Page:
Menu
News

Moving to the business BEATS awards

BEATS AWARDS: Peter and Karissa Ball from EcOasis at Uki are finalists in five categories in Saturday's BEATS awards.
BEATS AWARDS: Peter and Karissa Ball from EcOasis at Uki are finalists in five categories in Saturday's BEATS awards. SCOTT POWICK

ECO-TOURISM operators Karissa and Peter Ball have much to celebrate.

The couple, who purchased their Uki-based business EcOasis in late 2015, have made the finalist list in five categories at the upcoming BEATS business awards.

The awards, which recognise the excellence of small business in the Tweed, will be announced at a glittering gala dinner in Murwillumbah on Saturday.

"We are very excited and proud to be in so many categories,” Ms Ball said.

"We only purchased EcOasis in November 2015 so we are still quite new to the business and the area. The main reason we entered the awards was to raise the profile of our business. We love the area that we have moved into and want to see the whole region shine.”

EcOasis has made the finalist list in visitor experience, accommodation, sustainability, small business and people's choice.

The Seven Deadly Swings will be part of the entertainment at the Beats Gala awards dinner on July 29.
The Seven Deadly Swings will be part of the entertainment at the Beats Gala awards dinner on July 29. Contributed

The company is one of many in the Tweed recognised for their contribution to the Tweed economy at Saturday night's gala dinner awards, to be held at the Murwillumbah Civic Centre.

Beats organiser Toni Zuschke said the event would be an all-Tweed affair, from the food down to the entertainment.

"The gala awards evening is the premier event on the Tweed's business calendar and it has always been a night to celebrate with your peers and to feel proud to be an integral part of our dynamic Tweed Business community,” she said.

"This year's event will be no exception as we present an evening of fine dining, elegant decor and quality local entertainment.”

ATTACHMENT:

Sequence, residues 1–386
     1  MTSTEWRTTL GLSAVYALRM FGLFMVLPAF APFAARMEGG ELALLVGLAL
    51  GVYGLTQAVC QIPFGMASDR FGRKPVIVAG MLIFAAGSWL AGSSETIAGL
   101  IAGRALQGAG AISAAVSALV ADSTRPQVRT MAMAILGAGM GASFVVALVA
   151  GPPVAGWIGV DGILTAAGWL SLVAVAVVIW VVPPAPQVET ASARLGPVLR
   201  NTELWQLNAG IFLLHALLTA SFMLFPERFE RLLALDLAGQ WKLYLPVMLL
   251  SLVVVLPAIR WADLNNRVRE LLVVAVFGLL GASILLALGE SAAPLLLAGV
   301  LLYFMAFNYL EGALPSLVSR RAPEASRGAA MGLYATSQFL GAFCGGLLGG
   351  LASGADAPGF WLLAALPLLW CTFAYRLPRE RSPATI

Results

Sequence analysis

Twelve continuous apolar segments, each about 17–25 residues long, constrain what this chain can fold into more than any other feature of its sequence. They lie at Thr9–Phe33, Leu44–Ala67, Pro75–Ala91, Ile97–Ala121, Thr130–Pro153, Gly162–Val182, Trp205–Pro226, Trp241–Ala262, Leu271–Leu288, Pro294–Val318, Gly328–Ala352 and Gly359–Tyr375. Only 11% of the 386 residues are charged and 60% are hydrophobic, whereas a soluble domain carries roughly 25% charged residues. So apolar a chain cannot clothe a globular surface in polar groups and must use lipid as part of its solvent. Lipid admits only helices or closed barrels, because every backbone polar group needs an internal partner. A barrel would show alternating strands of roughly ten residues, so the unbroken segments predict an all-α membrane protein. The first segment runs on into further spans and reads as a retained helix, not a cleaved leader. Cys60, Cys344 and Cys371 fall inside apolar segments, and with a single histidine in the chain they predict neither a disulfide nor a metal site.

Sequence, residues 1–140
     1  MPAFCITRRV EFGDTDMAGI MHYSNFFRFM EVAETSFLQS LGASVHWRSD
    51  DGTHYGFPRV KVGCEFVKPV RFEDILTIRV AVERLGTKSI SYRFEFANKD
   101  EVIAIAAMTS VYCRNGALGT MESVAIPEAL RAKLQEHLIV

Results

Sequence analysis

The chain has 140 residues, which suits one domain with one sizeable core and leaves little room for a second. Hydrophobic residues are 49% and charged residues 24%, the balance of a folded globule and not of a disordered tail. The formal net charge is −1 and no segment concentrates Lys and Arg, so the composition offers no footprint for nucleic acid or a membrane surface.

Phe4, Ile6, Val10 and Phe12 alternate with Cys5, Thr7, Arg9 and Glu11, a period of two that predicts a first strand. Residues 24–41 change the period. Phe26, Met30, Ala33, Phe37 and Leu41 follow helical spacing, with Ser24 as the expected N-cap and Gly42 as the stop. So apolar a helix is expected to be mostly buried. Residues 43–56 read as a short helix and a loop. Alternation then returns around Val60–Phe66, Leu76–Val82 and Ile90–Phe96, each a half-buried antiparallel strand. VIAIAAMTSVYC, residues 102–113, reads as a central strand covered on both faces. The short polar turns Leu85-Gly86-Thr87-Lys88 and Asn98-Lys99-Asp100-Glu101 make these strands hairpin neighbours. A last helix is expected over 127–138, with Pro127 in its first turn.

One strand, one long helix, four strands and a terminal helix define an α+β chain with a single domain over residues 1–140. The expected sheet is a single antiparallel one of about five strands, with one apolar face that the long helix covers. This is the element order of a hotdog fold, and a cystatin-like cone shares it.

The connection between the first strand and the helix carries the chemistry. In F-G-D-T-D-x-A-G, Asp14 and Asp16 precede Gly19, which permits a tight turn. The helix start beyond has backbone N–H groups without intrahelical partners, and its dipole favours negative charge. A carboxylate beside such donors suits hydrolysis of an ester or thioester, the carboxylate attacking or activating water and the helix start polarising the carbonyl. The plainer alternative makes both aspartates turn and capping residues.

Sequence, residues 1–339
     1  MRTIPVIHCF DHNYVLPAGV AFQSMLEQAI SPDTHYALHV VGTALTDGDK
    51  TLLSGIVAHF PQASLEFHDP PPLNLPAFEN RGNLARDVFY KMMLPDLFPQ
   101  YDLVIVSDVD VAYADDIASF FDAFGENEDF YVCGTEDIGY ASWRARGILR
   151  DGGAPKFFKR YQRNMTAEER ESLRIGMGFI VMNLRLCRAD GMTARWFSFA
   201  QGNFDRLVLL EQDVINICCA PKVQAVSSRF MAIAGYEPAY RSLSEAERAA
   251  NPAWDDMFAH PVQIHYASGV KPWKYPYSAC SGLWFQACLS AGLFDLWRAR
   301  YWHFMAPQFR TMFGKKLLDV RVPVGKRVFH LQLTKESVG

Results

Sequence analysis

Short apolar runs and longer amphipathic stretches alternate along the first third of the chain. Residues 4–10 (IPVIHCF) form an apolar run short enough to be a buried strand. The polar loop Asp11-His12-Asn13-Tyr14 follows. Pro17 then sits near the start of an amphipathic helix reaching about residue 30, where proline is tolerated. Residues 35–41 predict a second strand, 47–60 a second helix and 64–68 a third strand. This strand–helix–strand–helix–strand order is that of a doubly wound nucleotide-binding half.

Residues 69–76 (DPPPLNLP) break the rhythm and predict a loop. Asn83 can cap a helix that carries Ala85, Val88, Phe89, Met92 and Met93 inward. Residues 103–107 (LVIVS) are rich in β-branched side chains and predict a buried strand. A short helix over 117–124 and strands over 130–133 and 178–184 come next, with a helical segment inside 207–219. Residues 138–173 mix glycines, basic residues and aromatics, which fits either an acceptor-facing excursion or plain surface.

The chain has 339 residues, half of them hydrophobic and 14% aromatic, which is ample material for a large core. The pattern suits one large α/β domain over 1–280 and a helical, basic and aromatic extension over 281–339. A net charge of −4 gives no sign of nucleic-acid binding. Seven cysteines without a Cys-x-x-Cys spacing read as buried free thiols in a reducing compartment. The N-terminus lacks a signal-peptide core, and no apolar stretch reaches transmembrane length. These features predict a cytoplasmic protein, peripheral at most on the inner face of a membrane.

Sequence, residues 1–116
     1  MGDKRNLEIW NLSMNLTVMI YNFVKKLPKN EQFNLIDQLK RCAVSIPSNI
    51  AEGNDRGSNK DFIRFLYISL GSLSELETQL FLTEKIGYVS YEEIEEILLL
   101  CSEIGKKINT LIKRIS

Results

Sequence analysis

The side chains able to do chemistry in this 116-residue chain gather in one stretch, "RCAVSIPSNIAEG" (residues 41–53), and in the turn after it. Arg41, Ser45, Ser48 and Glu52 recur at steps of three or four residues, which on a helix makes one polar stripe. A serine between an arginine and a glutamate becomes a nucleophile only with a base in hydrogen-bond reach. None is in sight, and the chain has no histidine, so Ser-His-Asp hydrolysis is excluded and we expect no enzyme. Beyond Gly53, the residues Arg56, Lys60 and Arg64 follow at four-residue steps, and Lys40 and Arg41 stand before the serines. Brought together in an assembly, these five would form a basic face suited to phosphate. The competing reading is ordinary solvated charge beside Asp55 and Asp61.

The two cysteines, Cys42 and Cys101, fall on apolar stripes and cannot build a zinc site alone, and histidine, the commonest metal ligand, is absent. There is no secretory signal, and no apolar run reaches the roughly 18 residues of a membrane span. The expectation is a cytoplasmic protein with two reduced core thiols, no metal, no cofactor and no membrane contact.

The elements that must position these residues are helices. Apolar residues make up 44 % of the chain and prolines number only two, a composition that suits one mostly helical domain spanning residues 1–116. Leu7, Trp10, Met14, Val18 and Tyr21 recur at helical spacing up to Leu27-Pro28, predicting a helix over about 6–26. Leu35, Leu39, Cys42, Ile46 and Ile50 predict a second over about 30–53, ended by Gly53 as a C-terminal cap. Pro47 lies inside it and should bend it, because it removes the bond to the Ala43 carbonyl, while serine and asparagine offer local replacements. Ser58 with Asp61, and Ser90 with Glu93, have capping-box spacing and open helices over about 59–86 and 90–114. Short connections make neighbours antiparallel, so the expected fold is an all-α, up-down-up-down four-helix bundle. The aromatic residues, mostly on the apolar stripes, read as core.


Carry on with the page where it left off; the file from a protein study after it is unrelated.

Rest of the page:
Ms Zuschke said despite toying with the idea of cancelling this year's event due to the severe impact of the flood on so many businesses, she had been buoyed by the overwhelming response she had received.

"This is our fifth year and we have exceeded in sponsorship, in prizes and in nominations,” she said.

"Everyone said to me, we need these Beats awards more than ever, just a chance for us to get together and be a business community and to show we are not alone.

"It gives a chance for businesses to stand up before their peers and get Tweed Shire recognition, regardless of the fact it has a pathway to the NSW regional awards. It is the only opportunity businesses have in the Tweed to have that kind of exposure.”

Ms Zuschke said last year, Tweed businesses had taken out eight of 18 categories in the regional business awards, which cover seven local government areas including 17 chambers of commerce.

In recognition of the impact of the flood, two new UPBeats awards have been included this year, including the Courage award, where people are urged to nominate those who have shown courage to step up and continue their businesses.

The other, the Mates for Mates award, is for those businesses who wish to thank someone who helped them get back on their feet.

For more information To nominate in the Upbeats awards, or book your tickets to the dinner, go to www.beatsawards.com.au

To find out more, visit www.beatsawards.com.au.

The Tweed Daily News is a proud sponsor of the BEATS awards.

The Tweed BEATS logo 2017
The Tweed BEATS logo 2017 Contributed

Topics:  ecoasis tweed business



'Visual impairment is just something you learn to live with'

CONGRATULATIONS: Author and Guide Dogs Australia community advocate Bev Larsson has won the overall prize at this year's Tweed Shire Access and Inclusion Awards.

Tweed awards for making the place more inclusive

Seagrass discovery delays boardwalk restoration

Anchorage residents protesting the closure of the boardwalk in October 2016 due to safety concerns. More than a year later and they are still waiting for restorative work to start.

Anchorange Island boardwalk repairs remain on hold

Honesty restores faith in humankind

ACT OF KINDNESS: Kingscliff Shopping Centre operations manager John Miller presents some flowers to Chris Harding who returned a lost wallet found at the centre with $1000 in it.

Lost wallet returned to owner with $1000 still in it

Local Partners